First Aid: You could be the difference


Rachael Wilkes

Featuring: Rhian Miles

Music: Heather Small- Proud

Torture is never justified.


Jack Richecoeur, Jordan Quinn and Ciaran Walsh.

Fairtrade


Credits

Charlotte Faulkner

Lisa Kato

Fiona Whiteway

 

With special thanks to






www.freesfx.co.uk

www.fairtrade.org.uk/


www.mobo.com  

www.peakwater.org  




 

 

 

Do Not Walk Alone


Tessa Johncox
Hannah Moore
Sarah Cross

Homeless Aware: It Starts With A Smile

Link to Video


Maria Calle-Llorente
Rebekah Dervley
Jade Sellars
Bethany Stone

Organ Donation Ad



Laura Tavener
Minna Fung
Tanya Aldridge
Emma Gardiner

Autism: what will you think?





Clare Lee, Emma Corless, Chanchala Patra 

Tuesday, April 23, 2013

EAPN: Get involved!






Cecilia Gonzalez
Maya Soto
Thor Hidalgo

Do not bin it, bring it

Arthur Chan
Sylvia Krupa
Marta Wesierska

Start saving energy!


Yentl Lo Yuen Tung
Alena Piamkulawanich
Aditi Somani


End 'Fat Talk!'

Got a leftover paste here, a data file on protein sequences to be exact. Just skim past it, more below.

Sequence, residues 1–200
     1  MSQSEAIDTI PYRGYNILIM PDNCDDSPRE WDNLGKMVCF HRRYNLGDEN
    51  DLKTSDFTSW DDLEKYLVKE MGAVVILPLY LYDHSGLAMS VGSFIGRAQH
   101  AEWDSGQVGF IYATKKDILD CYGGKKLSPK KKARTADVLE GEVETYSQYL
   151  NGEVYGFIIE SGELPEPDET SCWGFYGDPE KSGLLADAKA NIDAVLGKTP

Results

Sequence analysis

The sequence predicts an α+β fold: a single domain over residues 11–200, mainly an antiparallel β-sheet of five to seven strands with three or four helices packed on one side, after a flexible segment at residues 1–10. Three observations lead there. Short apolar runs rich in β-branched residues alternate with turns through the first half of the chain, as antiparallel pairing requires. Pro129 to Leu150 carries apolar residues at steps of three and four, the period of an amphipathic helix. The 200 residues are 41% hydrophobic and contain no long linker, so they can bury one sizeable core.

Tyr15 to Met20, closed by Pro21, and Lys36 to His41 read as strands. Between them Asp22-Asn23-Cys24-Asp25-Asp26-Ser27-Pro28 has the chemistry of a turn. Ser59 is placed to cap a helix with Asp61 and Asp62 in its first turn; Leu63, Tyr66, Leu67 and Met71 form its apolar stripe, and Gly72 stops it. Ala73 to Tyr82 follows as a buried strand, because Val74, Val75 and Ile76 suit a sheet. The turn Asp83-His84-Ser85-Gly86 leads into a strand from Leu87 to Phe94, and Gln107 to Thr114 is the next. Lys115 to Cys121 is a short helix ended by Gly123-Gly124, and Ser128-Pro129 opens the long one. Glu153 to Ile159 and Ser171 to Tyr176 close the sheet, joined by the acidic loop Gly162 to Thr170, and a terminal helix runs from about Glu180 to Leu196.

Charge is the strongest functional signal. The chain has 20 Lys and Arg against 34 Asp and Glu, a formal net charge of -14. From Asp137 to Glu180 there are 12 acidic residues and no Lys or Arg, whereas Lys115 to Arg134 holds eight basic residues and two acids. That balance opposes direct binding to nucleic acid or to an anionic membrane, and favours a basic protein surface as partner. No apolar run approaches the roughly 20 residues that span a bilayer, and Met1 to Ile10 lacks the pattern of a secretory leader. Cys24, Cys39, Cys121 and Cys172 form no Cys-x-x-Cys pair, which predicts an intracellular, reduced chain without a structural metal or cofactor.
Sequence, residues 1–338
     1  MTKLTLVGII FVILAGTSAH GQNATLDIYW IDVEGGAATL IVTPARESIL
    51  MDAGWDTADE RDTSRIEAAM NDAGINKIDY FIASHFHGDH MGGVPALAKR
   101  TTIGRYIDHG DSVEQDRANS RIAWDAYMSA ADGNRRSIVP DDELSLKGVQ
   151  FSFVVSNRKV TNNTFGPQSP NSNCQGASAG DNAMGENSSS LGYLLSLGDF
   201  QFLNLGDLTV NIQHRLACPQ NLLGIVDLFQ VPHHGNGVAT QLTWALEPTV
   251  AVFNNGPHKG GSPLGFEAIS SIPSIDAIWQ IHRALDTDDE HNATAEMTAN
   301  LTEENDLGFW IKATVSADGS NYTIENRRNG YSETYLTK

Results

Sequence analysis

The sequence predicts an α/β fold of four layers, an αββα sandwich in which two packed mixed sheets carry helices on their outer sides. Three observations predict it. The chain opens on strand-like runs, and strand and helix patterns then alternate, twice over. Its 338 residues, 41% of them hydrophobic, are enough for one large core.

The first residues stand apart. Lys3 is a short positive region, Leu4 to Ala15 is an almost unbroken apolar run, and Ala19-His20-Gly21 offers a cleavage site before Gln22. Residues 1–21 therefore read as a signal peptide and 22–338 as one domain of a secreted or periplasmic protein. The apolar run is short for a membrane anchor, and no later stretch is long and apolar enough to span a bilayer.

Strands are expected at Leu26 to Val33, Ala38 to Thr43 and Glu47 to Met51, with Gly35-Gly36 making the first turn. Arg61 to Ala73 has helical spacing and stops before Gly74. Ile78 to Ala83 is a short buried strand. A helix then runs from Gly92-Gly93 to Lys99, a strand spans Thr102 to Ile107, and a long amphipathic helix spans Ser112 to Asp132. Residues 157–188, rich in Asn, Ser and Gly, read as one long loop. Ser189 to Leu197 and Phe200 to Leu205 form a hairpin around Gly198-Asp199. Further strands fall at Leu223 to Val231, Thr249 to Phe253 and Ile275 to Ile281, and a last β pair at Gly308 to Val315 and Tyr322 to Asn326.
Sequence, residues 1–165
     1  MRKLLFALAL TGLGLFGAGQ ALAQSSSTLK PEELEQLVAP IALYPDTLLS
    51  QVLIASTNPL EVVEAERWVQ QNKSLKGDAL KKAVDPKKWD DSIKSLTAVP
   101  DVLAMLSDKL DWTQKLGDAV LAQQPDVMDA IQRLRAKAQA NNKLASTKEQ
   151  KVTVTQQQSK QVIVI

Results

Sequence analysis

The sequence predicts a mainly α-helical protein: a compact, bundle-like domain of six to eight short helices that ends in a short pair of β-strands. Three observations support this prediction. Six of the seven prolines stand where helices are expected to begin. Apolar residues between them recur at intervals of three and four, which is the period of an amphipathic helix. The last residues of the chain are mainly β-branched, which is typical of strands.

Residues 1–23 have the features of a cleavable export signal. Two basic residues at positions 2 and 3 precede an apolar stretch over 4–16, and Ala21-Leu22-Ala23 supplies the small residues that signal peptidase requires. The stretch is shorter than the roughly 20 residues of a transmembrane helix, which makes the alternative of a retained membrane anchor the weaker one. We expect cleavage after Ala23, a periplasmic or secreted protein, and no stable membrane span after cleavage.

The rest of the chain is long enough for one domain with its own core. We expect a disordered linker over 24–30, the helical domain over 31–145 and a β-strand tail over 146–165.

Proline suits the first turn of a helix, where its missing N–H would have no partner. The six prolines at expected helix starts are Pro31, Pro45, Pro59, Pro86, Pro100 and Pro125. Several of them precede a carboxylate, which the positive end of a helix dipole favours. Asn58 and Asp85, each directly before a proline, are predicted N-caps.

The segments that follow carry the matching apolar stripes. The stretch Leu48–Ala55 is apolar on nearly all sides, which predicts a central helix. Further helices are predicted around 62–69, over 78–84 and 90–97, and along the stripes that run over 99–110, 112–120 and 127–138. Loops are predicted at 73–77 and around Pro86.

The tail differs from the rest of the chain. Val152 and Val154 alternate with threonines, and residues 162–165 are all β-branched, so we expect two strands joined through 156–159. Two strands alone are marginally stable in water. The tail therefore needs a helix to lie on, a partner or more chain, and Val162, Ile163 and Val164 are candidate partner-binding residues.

Persuasion Video

Sophie Harding
Anna Fitzgibbon
Stephanie Henwood

Exercise doesn't have to be boring!


Created by:
Charlotte Hoyland
Margaret Olaniyan 
Deborah Willis 


Reference:
Vanden Auweele, Y., Rzewnicki, R., & Van Mele, V. (1997). Reasons for not exercising and exercise intentions: A study of middle-aged sedentary adults. Journal of sports sciences, 15, 151-165

depression


Olivia Carabine, Katie Stenner, Rebecca Seal and Alexia Shearman.

Cognitive Behavioural Therapy

Video

Elliot Walker
Adam Cheung

Everyone Should Vote




Made by: Rachel Drayton, Ioana Rotaru, Cora Whitney and Maria Fafouti. 

Societal pressure to be perfect- Eating disorders



Cast:
Henar Ramirez as the young girl
Martin Lausegger as the young boy

Credits: